As autumn skulks around and the evenings start to close in with a bite, the daily commute home from work will soon feel like a pilgrimage to one’s safe little sanctum . The inner world that bridges those places will veer between niggling thoughts, podcasts, carefully chosen playlists, fond reminiscence of the day just past and, perhaps above all else, a burning desire to return to one’s own quiet corner in the world. It is this place – the still and silent refuge from the bluster of the external world – that has bred the discreet and meditative grace of Isotach by Matthew Bourne.
Recorded in his rural Yorkshire home during what the musician describes as 'extreme weather', these ten improvised solo piano pieces sees Bourne masterfully manipulate solitude in tandem with the sway of nature. While we are, of course, not privy to the process itself, the outlying terrain of the wind and rain-battered moors beyond Bourne’s window becomes his ever-changing muse, each sparse, impressionistic motif wrangled into form from a single moment framed by the outside looking in and the inside world peering out. Whether peacefully at the start the day or pensively at its solitary tail-end, we, the listener, observe the extemporary reverberations of those isolated moments that Bourne fashions from nothingness with understated aplomb.
Where last year's moogmemory proved a playful and exceedingly listenable paean to iconic polyphonic synth, the Memorymoog, Isotach doubles up as the still after the surge. From the nuanced, flickering melodies that dance atop broad cello notes on its title track to 'Isothere' – a quietly rapt peak in which each carefully struck chord evokes the spacious religiosity of Talk Talk circa Spirit of Eden and Laughing Stock – Bourne occupies a place where the space between the sounds and the void that surrounds his person resound, intangible yet presiding over the minimalism of Isotach with a rare sense of beatific power. With many pieces here subtly coloured with cello by the Avebury avant-garde musician, the likes of highlight ‘Extinction’ – a masterfully mournful abstraction marrying the ghosts of Thom Yorke and Chicago post-rock trailblazers Gastr Del Sol – and swansong ‘Isogone (For Howie Reeve)’ (one of three track titles bearing personal tribute on the release) are threaded with a rich, tonal ambience and a strong visual tenor usually earmarked for soundtracks.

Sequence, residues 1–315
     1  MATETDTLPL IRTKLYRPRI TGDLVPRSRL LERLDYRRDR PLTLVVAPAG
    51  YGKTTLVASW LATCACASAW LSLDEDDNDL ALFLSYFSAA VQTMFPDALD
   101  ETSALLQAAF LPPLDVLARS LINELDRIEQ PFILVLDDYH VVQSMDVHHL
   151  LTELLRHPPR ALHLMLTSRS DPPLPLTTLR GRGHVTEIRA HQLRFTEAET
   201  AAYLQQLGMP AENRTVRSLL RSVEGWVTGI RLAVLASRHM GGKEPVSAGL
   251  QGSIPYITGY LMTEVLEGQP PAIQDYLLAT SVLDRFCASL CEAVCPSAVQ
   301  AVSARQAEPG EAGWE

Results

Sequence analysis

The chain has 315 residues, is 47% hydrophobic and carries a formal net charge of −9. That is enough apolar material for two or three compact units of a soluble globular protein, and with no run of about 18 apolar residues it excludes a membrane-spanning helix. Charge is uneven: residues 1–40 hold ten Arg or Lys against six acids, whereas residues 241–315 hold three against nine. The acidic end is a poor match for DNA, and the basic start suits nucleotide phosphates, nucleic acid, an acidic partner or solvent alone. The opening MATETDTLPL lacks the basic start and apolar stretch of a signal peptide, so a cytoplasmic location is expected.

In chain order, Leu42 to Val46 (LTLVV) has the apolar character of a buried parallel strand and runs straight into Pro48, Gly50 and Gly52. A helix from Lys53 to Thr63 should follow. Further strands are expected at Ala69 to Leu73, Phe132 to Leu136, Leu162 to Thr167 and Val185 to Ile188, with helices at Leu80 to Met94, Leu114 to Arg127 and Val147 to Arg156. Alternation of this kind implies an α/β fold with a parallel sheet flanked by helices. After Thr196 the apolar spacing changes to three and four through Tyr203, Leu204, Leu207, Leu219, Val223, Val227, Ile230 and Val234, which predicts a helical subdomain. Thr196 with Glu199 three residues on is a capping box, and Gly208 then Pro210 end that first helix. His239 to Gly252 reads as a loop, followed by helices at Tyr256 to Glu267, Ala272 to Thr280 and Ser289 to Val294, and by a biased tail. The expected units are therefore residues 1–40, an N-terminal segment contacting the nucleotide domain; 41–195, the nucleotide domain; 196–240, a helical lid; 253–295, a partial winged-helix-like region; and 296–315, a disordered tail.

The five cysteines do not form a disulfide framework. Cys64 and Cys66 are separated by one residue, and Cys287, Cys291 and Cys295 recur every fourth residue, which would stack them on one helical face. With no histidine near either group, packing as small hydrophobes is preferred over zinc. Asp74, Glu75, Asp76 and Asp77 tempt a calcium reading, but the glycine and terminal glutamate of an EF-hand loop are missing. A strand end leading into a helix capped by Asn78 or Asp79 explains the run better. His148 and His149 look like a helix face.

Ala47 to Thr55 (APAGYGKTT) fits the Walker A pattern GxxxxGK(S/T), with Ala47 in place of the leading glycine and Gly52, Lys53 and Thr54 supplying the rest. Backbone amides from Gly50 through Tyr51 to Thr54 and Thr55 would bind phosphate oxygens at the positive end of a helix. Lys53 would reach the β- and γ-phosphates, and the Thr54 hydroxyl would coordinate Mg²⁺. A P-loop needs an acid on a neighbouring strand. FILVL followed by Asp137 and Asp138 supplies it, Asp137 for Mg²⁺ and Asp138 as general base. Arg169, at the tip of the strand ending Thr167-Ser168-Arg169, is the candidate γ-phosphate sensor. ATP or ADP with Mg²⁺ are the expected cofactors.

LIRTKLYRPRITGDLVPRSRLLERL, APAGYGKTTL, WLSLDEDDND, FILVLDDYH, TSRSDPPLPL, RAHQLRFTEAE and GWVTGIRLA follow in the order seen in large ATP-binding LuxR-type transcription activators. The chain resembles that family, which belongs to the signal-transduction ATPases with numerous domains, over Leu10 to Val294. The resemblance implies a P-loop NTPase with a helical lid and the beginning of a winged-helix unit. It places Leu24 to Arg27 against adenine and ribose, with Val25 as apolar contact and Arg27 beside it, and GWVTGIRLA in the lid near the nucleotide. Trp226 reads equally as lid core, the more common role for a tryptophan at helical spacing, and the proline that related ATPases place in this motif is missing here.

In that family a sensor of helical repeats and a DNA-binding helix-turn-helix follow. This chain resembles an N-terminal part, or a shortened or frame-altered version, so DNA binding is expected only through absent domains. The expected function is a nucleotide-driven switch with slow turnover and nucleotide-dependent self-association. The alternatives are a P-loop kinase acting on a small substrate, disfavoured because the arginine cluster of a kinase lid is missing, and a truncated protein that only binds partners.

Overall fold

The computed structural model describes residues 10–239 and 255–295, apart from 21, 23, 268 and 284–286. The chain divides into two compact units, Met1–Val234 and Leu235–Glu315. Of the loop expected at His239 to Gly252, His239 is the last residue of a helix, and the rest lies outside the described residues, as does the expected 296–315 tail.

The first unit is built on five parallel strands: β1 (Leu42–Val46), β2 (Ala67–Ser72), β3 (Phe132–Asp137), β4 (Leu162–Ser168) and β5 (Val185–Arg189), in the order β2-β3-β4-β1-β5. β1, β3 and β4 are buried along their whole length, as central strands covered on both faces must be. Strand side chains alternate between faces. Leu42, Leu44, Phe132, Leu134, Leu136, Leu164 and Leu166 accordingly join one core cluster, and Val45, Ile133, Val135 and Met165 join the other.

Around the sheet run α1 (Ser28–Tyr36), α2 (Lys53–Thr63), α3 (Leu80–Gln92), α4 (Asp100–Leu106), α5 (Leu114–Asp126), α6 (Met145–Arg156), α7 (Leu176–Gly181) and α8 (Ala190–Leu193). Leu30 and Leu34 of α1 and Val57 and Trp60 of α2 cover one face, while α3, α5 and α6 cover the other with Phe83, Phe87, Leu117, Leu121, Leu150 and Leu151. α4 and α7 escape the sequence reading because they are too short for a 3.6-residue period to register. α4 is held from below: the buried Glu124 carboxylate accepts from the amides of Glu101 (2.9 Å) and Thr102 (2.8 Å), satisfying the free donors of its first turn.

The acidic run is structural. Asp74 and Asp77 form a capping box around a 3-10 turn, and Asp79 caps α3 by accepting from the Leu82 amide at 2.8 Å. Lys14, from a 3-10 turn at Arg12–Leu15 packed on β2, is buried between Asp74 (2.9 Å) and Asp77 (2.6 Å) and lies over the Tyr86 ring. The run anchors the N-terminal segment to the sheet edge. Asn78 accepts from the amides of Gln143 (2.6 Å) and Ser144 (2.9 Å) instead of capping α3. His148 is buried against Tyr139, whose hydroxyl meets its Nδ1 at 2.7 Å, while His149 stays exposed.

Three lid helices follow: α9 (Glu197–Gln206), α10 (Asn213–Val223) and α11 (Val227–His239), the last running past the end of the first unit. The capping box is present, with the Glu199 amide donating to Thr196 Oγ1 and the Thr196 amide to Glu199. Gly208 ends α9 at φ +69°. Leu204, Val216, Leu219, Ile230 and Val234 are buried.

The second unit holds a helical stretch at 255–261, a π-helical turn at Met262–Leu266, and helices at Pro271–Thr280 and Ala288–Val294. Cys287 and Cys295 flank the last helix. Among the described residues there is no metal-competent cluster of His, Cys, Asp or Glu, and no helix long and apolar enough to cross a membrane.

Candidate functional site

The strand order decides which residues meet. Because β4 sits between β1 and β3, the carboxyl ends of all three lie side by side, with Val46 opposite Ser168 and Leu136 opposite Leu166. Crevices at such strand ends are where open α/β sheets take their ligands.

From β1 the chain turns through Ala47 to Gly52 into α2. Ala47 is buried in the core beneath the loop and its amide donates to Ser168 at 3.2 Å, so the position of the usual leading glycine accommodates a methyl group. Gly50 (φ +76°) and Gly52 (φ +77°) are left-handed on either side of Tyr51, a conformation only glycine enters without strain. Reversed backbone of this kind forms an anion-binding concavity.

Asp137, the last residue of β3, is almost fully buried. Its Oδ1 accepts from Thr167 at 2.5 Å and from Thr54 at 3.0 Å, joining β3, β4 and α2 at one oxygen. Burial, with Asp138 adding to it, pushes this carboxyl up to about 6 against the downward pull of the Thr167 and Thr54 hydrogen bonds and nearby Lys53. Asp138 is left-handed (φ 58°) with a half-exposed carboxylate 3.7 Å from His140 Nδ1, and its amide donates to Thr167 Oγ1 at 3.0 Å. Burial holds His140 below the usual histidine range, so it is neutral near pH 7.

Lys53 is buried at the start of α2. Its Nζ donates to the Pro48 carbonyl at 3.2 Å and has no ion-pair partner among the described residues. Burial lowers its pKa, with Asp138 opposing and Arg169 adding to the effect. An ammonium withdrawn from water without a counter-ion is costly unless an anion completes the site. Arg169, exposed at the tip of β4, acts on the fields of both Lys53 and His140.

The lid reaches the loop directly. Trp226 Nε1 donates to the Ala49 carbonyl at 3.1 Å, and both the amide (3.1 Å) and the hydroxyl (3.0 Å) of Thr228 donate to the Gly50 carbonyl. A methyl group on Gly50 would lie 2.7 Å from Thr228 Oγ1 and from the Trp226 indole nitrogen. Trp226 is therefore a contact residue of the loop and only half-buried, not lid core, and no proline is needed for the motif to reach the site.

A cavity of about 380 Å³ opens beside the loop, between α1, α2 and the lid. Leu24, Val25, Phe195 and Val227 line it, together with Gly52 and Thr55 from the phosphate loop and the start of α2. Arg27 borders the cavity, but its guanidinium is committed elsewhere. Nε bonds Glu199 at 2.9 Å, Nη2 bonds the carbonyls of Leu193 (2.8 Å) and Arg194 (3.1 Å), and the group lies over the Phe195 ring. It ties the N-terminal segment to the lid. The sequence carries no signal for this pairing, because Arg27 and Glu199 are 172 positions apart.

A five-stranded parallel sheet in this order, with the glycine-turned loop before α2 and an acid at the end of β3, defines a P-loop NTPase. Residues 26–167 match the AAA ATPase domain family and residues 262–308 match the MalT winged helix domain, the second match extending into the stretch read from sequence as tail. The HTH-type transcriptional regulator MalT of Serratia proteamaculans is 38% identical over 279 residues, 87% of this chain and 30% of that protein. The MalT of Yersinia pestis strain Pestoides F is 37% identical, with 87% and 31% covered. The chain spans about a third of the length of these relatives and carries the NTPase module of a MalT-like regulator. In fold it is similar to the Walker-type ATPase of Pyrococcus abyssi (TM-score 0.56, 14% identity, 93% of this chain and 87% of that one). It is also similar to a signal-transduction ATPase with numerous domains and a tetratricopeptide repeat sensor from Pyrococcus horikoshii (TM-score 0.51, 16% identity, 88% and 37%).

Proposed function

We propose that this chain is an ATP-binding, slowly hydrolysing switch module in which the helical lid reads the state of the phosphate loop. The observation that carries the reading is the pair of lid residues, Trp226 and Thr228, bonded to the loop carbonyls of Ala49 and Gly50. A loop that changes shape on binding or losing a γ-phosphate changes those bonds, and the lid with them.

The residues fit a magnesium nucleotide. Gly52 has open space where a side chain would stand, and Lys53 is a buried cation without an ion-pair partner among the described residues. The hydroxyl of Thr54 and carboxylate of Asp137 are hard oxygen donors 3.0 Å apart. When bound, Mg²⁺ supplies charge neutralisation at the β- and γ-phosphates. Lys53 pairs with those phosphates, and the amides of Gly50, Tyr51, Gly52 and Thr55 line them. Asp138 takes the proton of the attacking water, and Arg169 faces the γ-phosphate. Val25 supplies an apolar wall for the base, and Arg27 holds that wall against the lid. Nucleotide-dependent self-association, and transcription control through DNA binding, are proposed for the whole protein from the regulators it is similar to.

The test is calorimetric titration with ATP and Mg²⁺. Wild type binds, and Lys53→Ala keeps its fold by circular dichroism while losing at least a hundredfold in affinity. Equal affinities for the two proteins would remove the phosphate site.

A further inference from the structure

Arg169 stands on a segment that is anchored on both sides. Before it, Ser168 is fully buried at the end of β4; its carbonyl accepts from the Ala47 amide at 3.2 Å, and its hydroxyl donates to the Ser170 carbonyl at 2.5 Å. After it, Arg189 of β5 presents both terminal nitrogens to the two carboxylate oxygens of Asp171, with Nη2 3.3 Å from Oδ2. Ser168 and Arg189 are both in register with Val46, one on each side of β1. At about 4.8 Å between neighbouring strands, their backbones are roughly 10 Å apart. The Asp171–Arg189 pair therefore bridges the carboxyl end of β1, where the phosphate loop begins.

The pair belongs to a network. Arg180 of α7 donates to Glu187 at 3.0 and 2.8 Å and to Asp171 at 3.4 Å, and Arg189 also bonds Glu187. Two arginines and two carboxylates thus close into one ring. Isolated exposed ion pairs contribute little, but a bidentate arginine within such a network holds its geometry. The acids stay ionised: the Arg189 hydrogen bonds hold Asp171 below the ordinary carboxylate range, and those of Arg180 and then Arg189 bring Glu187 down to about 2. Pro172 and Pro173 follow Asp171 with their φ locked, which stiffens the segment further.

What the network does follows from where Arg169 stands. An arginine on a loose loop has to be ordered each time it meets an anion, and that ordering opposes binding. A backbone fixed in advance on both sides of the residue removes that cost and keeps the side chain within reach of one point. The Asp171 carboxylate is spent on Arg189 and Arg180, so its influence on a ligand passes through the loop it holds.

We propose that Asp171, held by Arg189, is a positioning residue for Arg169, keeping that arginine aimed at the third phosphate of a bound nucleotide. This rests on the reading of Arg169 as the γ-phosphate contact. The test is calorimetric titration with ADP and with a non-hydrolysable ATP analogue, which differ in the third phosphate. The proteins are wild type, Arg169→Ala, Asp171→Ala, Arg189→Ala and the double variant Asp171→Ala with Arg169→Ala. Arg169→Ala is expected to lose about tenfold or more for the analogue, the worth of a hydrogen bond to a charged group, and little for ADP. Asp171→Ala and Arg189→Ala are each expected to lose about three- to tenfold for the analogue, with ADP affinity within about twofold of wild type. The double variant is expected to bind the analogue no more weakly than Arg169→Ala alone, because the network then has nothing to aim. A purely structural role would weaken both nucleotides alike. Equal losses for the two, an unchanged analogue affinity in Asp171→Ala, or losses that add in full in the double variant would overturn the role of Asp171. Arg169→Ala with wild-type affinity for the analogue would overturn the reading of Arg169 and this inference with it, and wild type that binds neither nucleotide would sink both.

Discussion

In an age when subtlety is far from the most prized connotative currency, Isotach is a quite literal stark reminder that finesse and restraint can still bound forth on their own terms. Beyond what lay beyond his window when crafting the release, we may never know the private and personal impetus that spurred Bourne on, but at least we now have a worthy new soundtrack to help navigate our own inner worlds, both within and far beyond our own safe little sanctums.
8Brian Coney's Score